After spending half the day in trekking up and down Maryland Heights, plus some wandering around Harper's Ferry, we headed up the Shenandoah Valley to Winchester. Neither of us had ever been there so our first stop was the town Visitor's Center. She suggested a few sites downtown and gave us brochures for the driving tour, though we took them knowing we didn't have that kind of time as Winchester was not our last intended stop of the day. The first site suggested was the old courthouse (below) but it was closed which seemed very odd because it was 4 pm on a Tuesday. Next to our parking spot was some sort of chamber of commerce building that happened to be having a Kunstler exhibit. We walked the halls a bit but ran into no other people and were starting to wonder why anyone would visit Winchester.
The next stop was amazing. It was Stonewall Jackson's Headquarters. I went in not expecting much after the two earlier letdowns but this is truly a gem. This made our day. They have an amazing collection of Jackson stuff and Civil War stuff in general. Unfortunately they did not allow pictures inside so I can't share pics with you. One room was setup just like it was when Jackson was there. Apparently he liked the house so much that he described his room in great detail to his wife and those letters were used to replicate the room later. Jackson liked the desk so much that after he left the owner packed the desk away, quite literally the last person to use that desk was Jackson. His prayer table was also there. My loyalties are not with the Confederacy, so I don't want you to think I'm gushing over artifacts of my beloved Confederacy, I'm gushing over fascinating artifacts of the war. That stuff was cool enough but then our guide also showed us the chest that held the diplomatic papers that were being cared by Mason and Slidell when the whole Trent Affair erupted. Mike and I left thinking that it was sad that this place didn't list some of these gems in its brochure, it might get a few more visitors. Our guide said she thought they average about 20 people per day. I wonder how a place stays open with that sort of attendance. It was an amazing place that I'd gladly visit again.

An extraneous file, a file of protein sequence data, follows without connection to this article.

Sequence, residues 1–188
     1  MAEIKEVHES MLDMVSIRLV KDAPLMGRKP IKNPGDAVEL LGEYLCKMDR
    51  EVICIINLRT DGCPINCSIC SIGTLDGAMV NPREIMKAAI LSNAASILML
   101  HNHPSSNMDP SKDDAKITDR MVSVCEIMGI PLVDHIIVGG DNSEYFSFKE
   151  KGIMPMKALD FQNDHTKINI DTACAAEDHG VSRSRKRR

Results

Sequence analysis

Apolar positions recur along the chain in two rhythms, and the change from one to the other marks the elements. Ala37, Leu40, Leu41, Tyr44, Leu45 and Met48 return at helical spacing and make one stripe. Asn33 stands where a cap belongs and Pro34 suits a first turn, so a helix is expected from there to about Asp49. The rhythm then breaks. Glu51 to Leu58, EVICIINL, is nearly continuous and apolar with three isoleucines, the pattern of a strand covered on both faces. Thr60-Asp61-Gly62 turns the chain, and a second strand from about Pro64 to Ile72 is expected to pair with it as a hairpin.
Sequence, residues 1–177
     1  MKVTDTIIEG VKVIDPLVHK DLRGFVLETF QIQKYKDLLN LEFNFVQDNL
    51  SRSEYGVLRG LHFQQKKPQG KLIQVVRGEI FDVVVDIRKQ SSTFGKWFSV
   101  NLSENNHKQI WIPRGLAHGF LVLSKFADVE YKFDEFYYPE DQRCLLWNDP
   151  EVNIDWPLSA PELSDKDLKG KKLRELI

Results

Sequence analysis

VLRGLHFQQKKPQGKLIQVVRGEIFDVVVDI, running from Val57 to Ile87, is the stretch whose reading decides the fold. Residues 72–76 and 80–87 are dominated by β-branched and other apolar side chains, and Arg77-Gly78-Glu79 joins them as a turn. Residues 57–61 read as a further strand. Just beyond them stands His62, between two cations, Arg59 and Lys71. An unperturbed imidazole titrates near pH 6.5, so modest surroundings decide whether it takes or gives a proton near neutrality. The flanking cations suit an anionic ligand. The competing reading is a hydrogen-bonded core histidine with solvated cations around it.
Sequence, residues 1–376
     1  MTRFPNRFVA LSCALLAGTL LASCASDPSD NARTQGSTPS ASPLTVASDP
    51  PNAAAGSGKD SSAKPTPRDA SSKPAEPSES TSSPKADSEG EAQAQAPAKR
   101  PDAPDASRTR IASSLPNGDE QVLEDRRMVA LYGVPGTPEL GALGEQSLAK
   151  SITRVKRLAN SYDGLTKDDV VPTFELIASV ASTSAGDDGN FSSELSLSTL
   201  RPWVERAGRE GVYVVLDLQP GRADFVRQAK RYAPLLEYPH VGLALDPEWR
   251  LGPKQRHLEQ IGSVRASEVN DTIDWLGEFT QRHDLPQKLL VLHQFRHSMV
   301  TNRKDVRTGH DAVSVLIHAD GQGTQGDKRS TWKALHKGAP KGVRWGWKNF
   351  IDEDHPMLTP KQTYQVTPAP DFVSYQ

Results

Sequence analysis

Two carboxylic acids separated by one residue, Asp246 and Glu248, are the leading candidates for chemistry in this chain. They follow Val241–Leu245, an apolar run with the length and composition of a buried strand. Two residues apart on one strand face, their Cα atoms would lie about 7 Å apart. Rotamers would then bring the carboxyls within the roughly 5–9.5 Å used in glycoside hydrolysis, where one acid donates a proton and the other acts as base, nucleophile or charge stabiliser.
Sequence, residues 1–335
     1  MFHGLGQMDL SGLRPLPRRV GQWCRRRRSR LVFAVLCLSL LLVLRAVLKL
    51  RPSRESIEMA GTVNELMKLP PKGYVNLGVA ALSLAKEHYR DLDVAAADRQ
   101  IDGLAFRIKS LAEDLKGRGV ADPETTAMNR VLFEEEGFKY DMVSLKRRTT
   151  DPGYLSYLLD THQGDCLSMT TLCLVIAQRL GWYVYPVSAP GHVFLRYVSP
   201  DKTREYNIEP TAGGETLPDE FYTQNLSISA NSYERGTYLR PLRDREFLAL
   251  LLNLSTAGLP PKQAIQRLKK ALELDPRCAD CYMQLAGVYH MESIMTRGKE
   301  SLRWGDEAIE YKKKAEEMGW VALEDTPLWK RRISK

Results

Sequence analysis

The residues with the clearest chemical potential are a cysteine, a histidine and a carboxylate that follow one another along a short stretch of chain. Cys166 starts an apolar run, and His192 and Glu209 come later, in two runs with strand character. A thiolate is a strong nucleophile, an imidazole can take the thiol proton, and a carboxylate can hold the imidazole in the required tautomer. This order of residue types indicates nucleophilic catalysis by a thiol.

Our next stop was the Stonewall Confederate Cemetery inside of the Mount Hebron Cemetery. Winchester was fought over a ton, locals said the town changed hands 74 times. That equates into a lot of fighting and a lot of dead. The Confederate section had monuments for each state, some simple but some pretty ornate. This also was land that was part of one of the five major battles in the Winchester area. Turner Ashby is also buried here. In the future I might do a post that deals with all the various monuments in this cemetery, there were a lot, too many to post today. Across the street from the Confederate cemetery was a National Cemetery. This also had quite a few monuments. Some were placed in an area that had a bunch of dead from that state. Others were monuments that commemorated the battles. I guess in the absence of a huge battlefield park to dedicate monuments a national cemetery seemed like the next best place. Below is the Pennsylvania monument. It reminded me of the Wisconsin state monument at Shiloh, which is a favorite of mine.
Next stop, Front Royal and Skyline Drive.
Stone House, Henry Hill, Aerial Photo 1956
7 hours ago